Tony Koester, in addition to his duties writing a monthly column for Model Railroader entitled “Trains of Thought,” and editing Kalmbach’s annual Model Railroad Planning, also writes about a book a year for Kalmbach. These range over a variety of topics (Tony may even get to choose at least some of the topics), and most are interesting and well worth reading. But recently I came across one I didn’t even know about. It’s entitled Model Railroading from Prototype to Layout, and was published in 2010. I promptly bought it.
As you can see, this copy is a little shopworn and was the only remaining one in the bookstore at the California State Railroad Museum (I was there for a committee meeting). And as happens with Kalmbach often enough, it’s out of print from the publisher, though it can readily be found from used book dealers on line.
On the Capital Corridor train returning from Sacramento to Berkeley, I devoured a lot of the book, and since then have been enjoying rereading some parts of it more thoroughly, and taking time for the requisite amount of thought about the many points Tony makes in the book. I only get more impressed as I do so.
All of Tony’s books are interesting, because he has thought a lot about many issues in the hobby, and is a good writer who conveys clearly what his points are. Some of the wisdom in this particular book I recognize from some of Tony’s past clinics (more on that in a moment), but the biggest feature for me in this book is how much is brought together — prototype choices, layout choices, rolling stock choices, operations choices, and so on. It really is about the entire hobby, and as always with Kalmbach, beautifully illustrated.
The core idea promulgated in the book is the variety of ways to accomplish prototype modeling. Tony emphasizes, and states it more than once, that prototype modeling is much more than building accurate models of prototypes. Prototypical choices of layout locale and structures, as well as prototypical kinds of trains and train operation, along with consistency of era, are also important parts of the idea.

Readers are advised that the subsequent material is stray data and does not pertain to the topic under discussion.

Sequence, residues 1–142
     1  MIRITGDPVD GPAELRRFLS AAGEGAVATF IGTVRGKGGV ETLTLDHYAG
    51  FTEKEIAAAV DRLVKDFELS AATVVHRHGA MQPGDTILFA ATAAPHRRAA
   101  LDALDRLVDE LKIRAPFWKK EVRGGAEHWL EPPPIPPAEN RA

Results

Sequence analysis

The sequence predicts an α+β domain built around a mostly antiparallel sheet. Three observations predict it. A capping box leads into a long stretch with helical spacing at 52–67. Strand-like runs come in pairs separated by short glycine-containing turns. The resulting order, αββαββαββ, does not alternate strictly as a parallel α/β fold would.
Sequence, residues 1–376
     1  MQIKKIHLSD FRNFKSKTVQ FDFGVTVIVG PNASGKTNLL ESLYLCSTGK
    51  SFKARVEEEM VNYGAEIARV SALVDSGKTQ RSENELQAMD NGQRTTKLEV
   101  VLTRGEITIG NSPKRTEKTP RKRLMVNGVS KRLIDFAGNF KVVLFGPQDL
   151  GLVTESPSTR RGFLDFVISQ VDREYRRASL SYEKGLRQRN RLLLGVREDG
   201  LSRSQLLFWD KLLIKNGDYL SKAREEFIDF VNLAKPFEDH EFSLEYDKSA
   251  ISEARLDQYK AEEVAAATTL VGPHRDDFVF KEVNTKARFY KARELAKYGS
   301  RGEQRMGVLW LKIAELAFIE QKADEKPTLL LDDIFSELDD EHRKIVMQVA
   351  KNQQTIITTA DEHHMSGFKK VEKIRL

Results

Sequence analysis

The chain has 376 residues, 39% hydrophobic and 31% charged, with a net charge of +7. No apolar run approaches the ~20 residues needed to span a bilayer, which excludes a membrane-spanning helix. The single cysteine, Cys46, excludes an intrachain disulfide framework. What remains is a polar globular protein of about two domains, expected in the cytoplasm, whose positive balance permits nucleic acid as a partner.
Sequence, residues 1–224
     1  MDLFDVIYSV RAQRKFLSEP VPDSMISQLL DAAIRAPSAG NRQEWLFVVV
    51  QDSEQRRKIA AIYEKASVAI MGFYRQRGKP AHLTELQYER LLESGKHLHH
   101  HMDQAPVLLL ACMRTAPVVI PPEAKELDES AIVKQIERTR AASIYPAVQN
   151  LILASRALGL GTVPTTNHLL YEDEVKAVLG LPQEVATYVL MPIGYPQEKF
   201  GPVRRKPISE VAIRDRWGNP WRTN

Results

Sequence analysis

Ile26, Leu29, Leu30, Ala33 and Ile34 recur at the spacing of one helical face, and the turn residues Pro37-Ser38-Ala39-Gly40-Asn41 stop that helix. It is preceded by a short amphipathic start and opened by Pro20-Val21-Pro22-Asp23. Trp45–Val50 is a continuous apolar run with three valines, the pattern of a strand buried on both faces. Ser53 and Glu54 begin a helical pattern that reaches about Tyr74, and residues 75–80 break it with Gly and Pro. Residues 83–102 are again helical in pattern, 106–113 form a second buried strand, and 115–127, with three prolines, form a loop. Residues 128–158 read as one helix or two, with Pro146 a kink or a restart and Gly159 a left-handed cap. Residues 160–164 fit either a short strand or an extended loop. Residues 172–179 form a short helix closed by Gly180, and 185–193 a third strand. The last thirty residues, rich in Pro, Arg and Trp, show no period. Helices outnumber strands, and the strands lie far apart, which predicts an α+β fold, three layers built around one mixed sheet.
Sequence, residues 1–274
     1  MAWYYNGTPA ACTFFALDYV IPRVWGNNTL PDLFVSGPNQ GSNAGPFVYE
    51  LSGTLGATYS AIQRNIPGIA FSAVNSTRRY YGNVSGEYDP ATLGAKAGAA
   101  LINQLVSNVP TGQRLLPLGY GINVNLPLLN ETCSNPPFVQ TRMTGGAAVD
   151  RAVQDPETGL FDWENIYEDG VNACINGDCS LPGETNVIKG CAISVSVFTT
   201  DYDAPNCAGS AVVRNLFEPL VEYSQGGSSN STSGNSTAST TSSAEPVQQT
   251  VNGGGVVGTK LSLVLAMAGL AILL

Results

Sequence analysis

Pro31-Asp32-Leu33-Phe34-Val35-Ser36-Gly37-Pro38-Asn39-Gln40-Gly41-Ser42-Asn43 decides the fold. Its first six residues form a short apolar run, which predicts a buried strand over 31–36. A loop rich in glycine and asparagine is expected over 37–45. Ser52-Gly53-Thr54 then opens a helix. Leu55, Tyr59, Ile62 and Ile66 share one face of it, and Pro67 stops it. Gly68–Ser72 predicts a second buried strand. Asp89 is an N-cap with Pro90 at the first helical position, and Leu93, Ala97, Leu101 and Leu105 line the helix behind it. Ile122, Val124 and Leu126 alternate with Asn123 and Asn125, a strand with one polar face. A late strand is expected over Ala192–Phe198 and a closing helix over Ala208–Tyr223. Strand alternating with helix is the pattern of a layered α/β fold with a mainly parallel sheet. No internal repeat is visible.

The book chapters suggest how wide-ranging the content is. The book has an Introduction and nine chapters. They are titled
as follows: What is “prototype modeling?”, Choosiing a prototype to
model, What time is it?, Structures and scenes that look the part,
Putting the (iron) horse before the cart, Modeling jobs, Prototypical
approach to layout design, Coping with space constraints, and Prototype
The breadth of content is suggested by the chapter titles, but probably they can’t convey the depth. This is one of Tony’s strengths for me, the depth of thought that comes from so many years in the hobby, and from jobs like editing Railroad Model Craftsman, before becoming a Model Railroader columnist. And as I said, he conveys his thoughts clearly and convincingly. Not that I agree with every point, only that every one, for me at least, is definitely thought-provoking.
Even more than most of Tony’s books, and because of the sheer breadth of the subject matter here, this one could certainly be subtitled “the wit and wisdom of Tony Koester.” It’s an impressive and memorable book, and as you can tell, I like it and recommend it unreservedly. If you don’t already have a copy, it’s worth making the effort to find one, either on line or in a shop with slow sales (as I did). But get one.